About 10 years ago, Golub developed a new course, Global Capitalism Since 1920, that Caskey says covered the “big ideas” in political economy and international economics and that Golub grew to love as much as his seminar. “Many students listed it as one of the courses at Swarthmore that most influenced their thinking,” Caskey says.
Golub also taught at the Wharton School for many years, where his course, Nations, Politics and Markets, was popular among undergraduate business majors. In recognition of his exemplary teaching, he was awarded the Laurence and Susan Hirsch Adjunct Professorship, which recognizes distinguished teachers and scholars who contribute to the intellectual environment. In 2017, he also received Wharton’s Huntsman Senior Class Undergraduate Teaching Award.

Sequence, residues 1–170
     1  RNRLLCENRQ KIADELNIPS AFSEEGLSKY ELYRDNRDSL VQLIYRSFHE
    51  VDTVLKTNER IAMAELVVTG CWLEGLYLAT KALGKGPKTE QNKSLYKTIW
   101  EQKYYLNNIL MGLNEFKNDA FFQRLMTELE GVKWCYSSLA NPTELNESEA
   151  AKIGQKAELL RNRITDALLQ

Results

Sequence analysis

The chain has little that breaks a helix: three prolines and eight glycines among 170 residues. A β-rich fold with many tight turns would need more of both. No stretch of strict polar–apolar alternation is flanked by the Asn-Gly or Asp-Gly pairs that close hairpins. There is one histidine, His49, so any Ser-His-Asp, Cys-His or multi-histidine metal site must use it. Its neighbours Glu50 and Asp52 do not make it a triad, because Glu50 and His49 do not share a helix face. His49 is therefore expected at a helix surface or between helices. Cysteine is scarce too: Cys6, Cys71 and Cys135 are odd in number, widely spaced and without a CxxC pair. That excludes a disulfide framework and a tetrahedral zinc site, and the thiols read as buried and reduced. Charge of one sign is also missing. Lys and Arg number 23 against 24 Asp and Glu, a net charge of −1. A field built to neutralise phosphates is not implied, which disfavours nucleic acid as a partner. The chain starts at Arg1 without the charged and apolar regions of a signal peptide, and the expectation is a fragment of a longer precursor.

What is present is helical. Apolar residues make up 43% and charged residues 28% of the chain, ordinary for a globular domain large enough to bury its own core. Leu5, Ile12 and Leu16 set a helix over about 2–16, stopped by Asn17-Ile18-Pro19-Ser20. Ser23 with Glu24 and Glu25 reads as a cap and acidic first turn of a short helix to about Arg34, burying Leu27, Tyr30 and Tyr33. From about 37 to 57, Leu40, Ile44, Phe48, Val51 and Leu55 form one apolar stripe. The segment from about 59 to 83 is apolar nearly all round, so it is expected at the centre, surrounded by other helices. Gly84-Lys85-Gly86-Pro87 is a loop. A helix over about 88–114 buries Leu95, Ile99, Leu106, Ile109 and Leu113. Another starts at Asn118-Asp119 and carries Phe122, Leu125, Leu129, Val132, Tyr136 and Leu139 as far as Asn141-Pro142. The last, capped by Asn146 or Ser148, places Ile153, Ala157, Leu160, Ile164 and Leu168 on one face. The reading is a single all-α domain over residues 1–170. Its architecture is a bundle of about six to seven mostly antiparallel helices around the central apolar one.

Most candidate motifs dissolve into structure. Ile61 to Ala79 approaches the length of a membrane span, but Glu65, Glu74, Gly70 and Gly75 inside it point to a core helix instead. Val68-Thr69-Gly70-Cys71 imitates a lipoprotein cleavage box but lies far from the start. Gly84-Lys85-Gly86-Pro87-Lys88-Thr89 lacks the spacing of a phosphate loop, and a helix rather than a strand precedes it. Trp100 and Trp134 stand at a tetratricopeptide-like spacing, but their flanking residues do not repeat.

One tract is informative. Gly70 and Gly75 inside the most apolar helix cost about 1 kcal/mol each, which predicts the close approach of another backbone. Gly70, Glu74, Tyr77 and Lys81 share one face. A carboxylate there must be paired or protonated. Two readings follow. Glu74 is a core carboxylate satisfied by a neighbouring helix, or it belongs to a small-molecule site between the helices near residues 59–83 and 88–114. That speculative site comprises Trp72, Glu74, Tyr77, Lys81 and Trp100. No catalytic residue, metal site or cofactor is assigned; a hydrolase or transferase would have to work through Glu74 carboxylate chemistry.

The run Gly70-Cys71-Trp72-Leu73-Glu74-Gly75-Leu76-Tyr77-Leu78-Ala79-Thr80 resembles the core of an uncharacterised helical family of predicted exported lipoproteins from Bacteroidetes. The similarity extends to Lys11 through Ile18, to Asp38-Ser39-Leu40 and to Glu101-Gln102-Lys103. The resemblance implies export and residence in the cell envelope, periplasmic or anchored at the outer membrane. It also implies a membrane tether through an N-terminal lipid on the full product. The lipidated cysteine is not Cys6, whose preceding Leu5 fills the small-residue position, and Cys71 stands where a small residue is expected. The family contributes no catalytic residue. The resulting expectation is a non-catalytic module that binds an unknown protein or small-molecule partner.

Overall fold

In addition to Wharton, Golub held teaching posts at Columbia University, Yale, and the University of California, Berkeley. He also consulted extensively with international organizations such as the World Bank, the International Monetary Fund, and the United Nations Conference on Trade and Development. Golub often pursued ambitious research projects in West Africa on behalf of these agencies while working with African economists.
While this enriched his work, Caskey says it also added a level of complexity to the projects. “His research emphasized an on-the-ground knowledge of institutional details rather than distant analyses of government data. He sincerely cared about the economic and social challenges facing West African countries, and was deeply engaged in trying to understand reforms that could raise standards of living.”